« Last post by brefern20 on Today at 08:47:37 AM »
Hey there  :)

I'm looking for the best repayment strategy to pay off my student loans in a stress-free manner over a period of time. I'm not the type to lose sleep over paying off my student debt in the quickest amount of time. I would say I'd like to focus on a strategy that allows me to live comfortably, and gives me a plan of attack I can stick to. Thus far, I have paid my IBR payments on time, but would like to make sure this is the best course of action. I'm well aware that I can be forgiven after 25 years if I pay consistently, but I'd like to cut this time in half.

Here are the specifics: I am 27 years old/Married/ 130k in debt/all federal loans (12 in total)/highest interest is 7.21% at 27k/lowest interest 3.4% at 4k/if were to consolidate all loans the interest would be 6.25%/My IBR payment is 179$ based on my previous 55k income/My new income is 80k and plan to make 120k within 3 years/I have 25k in assets (401k/investments/savings).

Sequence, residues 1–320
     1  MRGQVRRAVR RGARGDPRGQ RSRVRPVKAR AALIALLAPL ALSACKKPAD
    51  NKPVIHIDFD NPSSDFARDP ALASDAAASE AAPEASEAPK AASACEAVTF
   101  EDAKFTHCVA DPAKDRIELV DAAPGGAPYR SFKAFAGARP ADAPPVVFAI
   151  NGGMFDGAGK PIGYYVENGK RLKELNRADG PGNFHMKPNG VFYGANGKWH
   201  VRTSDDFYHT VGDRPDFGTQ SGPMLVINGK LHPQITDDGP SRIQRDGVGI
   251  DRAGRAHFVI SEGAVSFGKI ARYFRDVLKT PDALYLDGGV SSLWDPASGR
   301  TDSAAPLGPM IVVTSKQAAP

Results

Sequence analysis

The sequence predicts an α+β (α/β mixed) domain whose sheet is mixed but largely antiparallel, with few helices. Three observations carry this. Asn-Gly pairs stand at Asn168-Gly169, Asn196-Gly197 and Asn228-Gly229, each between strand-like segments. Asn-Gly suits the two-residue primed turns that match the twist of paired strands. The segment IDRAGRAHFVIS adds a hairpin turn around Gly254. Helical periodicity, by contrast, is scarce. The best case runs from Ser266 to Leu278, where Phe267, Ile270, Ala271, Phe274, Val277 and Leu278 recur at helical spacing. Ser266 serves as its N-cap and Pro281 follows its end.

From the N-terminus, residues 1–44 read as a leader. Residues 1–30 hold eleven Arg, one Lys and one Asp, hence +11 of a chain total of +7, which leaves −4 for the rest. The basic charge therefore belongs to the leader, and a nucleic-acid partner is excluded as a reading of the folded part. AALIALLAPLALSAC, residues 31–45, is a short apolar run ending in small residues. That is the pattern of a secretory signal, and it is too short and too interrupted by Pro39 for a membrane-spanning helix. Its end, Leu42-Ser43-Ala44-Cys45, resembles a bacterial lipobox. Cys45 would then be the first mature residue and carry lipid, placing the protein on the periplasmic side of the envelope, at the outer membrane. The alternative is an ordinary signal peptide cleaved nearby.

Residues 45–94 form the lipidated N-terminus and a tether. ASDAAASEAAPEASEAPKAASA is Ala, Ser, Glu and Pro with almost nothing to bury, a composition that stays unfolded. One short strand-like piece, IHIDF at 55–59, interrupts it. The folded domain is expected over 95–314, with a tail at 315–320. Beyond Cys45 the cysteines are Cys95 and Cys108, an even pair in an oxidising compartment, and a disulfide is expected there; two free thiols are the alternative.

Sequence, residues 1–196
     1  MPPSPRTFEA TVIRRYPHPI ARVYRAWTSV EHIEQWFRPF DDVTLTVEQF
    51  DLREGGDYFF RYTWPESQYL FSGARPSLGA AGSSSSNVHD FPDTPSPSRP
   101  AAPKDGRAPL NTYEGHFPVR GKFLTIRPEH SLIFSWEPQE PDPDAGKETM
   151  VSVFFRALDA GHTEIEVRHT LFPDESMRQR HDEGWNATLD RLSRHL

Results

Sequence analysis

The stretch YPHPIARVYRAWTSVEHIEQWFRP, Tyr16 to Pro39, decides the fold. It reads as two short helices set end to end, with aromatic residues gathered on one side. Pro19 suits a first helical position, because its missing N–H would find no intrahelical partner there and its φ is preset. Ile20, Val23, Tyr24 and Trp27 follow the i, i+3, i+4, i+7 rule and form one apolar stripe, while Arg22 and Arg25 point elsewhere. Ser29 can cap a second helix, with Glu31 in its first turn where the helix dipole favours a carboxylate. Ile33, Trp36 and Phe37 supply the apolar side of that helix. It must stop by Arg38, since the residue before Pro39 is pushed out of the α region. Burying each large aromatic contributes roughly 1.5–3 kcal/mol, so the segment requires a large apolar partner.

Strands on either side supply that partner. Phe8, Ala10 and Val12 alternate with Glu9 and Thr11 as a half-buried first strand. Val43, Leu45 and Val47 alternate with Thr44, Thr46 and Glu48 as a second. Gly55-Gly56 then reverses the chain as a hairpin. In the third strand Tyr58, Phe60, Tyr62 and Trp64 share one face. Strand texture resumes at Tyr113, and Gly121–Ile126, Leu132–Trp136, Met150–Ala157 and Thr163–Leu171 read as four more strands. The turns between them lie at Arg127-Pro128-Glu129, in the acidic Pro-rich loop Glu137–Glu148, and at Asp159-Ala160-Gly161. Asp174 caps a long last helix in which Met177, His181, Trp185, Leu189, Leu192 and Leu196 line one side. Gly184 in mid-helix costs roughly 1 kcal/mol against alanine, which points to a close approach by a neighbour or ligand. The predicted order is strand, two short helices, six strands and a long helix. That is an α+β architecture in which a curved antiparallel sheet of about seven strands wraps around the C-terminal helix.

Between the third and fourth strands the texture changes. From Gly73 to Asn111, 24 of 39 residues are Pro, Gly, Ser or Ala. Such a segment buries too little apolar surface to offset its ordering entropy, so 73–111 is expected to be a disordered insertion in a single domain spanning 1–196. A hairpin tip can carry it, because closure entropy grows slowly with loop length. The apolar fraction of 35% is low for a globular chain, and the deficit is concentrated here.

WWYD, factoring in refinancing/IBR/consolidation/snowball method/avalanche method and all that jazz.
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Student Loan Forgiveness / Re: Start Here: Student Loan Forgiveness
« Last post by TheCollegeInvestor on February 18, 2019, 06:57:57 AM »
These loan forgiveness programs only apply to American Federal student loans.
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Student Loan Scams / Re: Clarity Solutions Center...Scam or legit?
« Last post by Stephbaker on February 17, 2019, 11:04:18 PM »
How isn't this company getting raided by the government? There are so many legit experiences on this forum but hasn't anyone taken action on this company? They are such experts that they make scamming look legit! This is really sad that people are getting scammed at such a high rate. Can we do something?